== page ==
Whew! “Gluten-Free” Claim Threshold Remains 20 ppm

August 4, 2013

By Ricardo Carvajal

FDA published a final rule implementing the directive in the Food Allergen Labeling and Consumer Protection Act ("FALCPA") to define the term “gluten-free” (and other terms that FDA regards as equivalent, namely “no gluten,” “free of gluten,” and “without gluten”).  The threshold for use of the claim will be 20 ppm – the same as was specified in the proposed rule.  There was some uncertainty as to whether the threshold would remain unchanged, given that FDA’s safety assessment estimated a level of concern for individuals with celiac disease of less than 20 ppm.  FDA explained its decision in part as follows:

In sum, defining the term "gluten-free" for use in the voluntary labeling of food involves the consideration of multiple factors, including currently available analytical methods and the needs of individuals with celiac disease, as well as factors such as ease of compliance and enforcement, stakeholder concerns, economics, trade issues, and legal authorities. An important consideration is that, as the comments suggest, lowering the gluten level below 20 ppm will make it far more difficult for manufacturers to make food products that could be labeled as "gluten-free," thereby reducing food choices for individuals with celiac disease. While the safety assessment results suggest that there may be some individuals with celiac disease who are highly sensitive to gluten exposure even at very low levels, the safety assessment, by its nature, may lead to a conservative, highly uncertain estimation of risk for these individuals. Given the various factors we have to consider and the data available to us, we decline to revise the rule to adopt a safety assessment-based approach at this time.

As did the proposed rule, the final rule keeps oats off the list of “prohibited grains” – referred to in the final rule as “gluten-containing grains” – so that the presence of oats will not in and of itself disqualify a food from being eligible for a “gluten-free” claim.  However, FDA encourages manufacturers “to indicate in their labeling that an oat-derived ingredient is present” if the food uses an oat-derived ingredient and the word “oat” does not appear in the ingredient list (FDA gives the example of beta glucans).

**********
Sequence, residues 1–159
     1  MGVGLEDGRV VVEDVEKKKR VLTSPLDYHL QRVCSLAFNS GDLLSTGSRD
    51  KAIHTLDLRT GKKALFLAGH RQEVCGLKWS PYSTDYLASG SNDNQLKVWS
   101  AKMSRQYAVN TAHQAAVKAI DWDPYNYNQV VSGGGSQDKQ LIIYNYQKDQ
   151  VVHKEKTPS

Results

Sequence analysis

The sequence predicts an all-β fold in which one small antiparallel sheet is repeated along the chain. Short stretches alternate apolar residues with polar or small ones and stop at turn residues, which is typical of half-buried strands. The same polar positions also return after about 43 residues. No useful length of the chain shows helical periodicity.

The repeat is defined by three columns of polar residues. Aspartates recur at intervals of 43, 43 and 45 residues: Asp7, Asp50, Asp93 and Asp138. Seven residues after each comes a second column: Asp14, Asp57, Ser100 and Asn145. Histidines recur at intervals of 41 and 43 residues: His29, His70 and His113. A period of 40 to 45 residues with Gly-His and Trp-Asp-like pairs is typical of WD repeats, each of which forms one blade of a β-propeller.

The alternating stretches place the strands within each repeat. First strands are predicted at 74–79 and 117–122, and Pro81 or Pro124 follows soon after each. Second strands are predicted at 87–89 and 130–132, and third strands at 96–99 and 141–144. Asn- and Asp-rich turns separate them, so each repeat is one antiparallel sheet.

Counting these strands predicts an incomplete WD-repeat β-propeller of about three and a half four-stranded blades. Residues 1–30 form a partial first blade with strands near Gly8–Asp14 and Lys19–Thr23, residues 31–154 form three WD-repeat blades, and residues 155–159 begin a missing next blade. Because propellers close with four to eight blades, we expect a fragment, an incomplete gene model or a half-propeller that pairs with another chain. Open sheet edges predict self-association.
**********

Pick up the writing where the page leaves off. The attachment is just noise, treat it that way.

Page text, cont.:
The final rule continues to exclude from eligibility finished foods that have been processed to reduce gluten below the threshold.  FDA plans to issue a proposed rule addressing foods that “are, or contain ingredients that are, fermented or hydrolyzed.”  In the interim, FDA intends to exercise limited enforcement discretion with respect to FDA-regulated beers that are “(1) Made from a non-gluten-containing grain or (2) made from a gluten-containing grain, where the beer has been subject to processing that the manufacturer has determined will remove gluten below a 20 ppm threshold.”

The final rule includes some significant modifications.  For example, foods that inherently do not contain gluten may use the "gluten-free" claim without a qualifying statement indicating that the food does not ordinarily contain gluten, provided that the food contains less than 20 ppm gluten.  As an additional example, a food will be deemed misbranded if bears a gluten-free claim and also includes the term "wheat" in the ingredient list or in a separate "contains wheat" statement as required under FDCA § 403(w), unless the word "wheat" is linked by an asterisk to a disclaimer “in close proximity to the ingredient statement” that states: "The wheat has been processed to allow this food to meet the Food and Drug Administration (FDA) requirements for gluten-free foods."

Finally, State or local requirements are preempted “to the extent that they are different from” the rule’s requirements, or to the extent that they obstruct the purpose of achieving national uniformity with respect to the use of those terms.  However, other State or local requirements would be permissible (e.g., “a State would not be preempted from requiring a statement about the health effects of gluten consumption on persons with celiac disease or information about how the food was processed”).

The compliance date for the final rule is August 5, 2014.